Duration: 1:39 min

Artist Statement: The river here is a “go-between” for our geographical divisions. This stark division of people and places in Johannesburg is formed from our segregated history and an ever-growing wage gap. As one suburb develops, another is dilapidated. I find it curious that the river connects us when we simply refuse to cross the bridges that separate us. Inexplicably, this river has become one of the few remaining things that we share as people and yet we all neglect it.

Our collaboration focuses on the distribution of wealth in different communities in South Africa. Neo documented two communities that are joined by the Jukskei River. These two communities are highly dissimilar from each other because they occupy different social classes. The first area is the community of Alexandra, which predominantly houses the lower class. Contrastingly, the second area is the middle to upper class area of Morning Hill.

The Jukskei River has no boundaries. It invades Johannesburg and traverses different communities. As a result, Neo’s project focuses on the dynamics of erecting walls and fences as physical boundaries to keep things and people away.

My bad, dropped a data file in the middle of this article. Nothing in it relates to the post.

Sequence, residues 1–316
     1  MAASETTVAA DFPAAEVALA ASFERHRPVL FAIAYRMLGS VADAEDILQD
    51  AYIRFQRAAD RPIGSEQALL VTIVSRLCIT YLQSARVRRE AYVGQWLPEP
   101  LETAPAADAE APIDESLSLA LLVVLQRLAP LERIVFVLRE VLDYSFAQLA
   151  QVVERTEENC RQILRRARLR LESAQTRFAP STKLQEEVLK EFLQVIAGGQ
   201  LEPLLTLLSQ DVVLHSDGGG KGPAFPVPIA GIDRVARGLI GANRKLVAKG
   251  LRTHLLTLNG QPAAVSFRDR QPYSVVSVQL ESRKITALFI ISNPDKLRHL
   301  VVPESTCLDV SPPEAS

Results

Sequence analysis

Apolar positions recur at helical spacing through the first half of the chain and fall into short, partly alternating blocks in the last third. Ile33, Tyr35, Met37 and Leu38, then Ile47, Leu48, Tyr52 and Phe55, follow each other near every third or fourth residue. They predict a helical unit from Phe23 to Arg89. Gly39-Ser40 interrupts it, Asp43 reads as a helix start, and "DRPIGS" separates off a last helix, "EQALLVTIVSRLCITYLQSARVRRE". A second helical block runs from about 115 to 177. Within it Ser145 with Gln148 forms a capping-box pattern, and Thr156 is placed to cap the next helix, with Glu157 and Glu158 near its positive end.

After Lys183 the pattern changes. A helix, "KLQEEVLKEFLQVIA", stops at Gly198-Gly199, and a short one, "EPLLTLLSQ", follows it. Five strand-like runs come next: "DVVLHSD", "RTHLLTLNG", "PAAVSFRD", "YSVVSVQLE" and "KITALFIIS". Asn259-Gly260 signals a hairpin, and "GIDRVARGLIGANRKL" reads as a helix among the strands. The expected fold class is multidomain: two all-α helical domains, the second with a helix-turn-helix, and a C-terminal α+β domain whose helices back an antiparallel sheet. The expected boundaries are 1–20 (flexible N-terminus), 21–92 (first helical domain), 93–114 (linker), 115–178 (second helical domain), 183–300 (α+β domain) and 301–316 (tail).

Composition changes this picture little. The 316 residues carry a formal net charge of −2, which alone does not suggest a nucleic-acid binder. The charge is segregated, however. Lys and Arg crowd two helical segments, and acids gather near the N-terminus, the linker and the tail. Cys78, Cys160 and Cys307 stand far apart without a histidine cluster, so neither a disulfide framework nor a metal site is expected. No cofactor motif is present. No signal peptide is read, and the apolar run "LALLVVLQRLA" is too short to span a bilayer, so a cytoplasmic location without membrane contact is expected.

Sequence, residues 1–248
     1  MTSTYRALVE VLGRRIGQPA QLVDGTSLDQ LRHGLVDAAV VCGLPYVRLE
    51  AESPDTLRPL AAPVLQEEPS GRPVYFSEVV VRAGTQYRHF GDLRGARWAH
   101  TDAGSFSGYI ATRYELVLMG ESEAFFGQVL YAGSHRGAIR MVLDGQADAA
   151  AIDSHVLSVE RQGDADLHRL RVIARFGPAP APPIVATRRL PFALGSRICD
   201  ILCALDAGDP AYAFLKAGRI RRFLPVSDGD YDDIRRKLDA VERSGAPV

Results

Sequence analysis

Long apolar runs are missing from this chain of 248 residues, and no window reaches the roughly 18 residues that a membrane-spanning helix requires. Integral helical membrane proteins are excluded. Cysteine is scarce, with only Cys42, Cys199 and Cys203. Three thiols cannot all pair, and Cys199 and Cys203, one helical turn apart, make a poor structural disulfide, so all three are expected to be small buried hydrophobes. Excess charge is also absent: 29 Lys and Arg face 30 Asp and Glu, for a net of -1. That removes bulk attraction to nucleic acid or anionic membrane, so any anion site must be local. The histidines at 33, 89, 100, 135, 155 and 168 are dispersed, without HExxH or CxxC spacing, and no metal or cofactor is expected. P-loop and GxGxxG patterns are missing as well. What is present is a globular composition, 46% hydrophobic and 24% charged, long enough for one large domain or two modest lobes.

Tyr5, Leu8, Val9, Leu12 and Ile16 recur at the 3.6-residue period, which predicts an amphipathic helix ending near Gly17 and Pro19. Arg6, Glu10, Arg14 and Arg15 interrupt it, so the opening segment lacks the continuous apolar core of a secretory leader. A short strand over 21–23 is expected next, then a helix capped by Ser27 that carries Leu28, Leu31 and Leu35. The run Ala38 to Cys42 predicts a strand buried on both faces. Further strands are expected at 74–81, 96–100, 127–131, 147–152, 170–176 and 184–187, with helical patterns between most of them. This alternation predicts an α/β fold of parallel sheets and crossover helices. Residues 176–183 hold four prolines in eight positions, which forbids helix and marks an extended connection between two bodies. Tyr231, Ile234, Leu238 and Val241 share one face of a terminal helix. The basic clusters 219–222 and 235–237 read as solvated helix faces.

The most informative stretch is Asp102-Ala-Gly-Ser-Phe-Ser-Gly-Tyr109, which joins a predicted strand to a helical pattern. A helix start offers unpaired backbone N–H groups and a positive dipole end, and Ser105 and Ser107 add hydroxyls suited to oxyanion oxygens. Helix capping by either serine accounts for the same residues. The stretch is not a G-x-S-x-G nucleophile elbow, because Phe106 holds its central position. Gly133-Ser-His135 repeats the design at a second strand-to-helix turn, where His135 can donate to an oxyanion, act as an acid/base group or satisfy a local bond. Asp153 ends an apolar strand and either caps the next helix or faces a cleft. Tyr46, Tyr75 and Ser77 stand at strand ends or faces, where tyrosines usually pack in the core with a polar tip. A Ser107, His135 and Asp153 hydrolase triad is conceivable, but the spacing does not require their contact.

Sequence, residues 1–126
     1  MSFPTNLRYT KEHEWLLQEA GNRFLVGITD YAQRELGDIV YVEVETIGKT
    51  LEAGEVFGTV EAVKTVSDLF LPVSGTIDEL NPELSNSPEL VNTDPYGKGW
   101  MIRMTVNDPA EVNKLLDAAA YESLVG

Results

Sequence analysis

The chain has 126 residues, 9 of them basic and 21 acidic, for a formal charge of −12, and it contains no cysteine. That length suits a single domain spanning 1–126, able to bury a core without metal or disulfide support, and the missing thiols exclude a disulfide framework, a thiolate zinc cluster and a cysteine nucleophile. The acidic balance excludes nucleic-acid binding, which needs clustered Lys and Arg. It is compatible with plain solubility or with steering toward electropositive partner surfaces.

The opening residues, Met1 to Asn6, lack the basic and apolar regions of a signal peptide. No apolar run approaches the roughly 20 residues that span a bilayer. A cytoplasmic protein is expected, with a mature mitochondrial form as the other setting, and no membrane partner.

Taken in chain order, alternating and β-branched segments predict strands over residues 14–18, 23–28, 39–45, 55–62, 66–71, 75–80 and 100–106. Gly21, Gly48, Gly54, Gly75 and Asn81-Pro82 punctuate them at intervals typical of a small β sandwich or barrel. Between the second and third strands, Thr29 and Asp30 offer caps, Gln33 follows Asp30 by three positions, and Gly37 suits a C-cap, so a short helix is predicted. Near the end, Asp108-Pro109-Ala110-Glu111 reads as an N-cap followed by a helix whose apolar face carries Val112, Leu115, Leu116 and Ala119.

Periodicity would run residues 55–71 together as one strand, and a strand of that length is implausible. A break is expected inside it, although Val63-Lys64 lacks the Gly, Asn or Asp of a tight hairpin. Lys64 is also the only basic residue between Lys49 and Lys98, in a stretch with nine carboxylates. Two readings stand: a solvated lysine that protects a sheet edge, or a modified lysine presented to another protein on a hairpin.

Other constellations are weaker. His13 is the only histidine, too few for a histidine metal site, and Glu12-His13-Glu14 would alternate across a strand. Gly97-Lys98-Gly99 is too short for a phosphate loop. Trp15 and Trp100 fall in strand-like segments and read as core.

This photographic essay forms the environment of the animated narrative. It distinguishes the two communities from one another and in our work we will play around with the idea of overcoming the boundaries set by social class as young South Africans.

The animation uses the river itself as a boundary. It depicts two silhouettes attempting to cross the river and cross paths with each other in the process. This works speaks about “crossing the bridge” of these social divisions. As young South Africans, we feel that it is important to assimilate ourselves with each other and with people from different social backgrounds from ours. The question as to whether or not these boundaries can be overcome is complex.

Artist(s): Matthew Ellwood
Duration: 4:00 min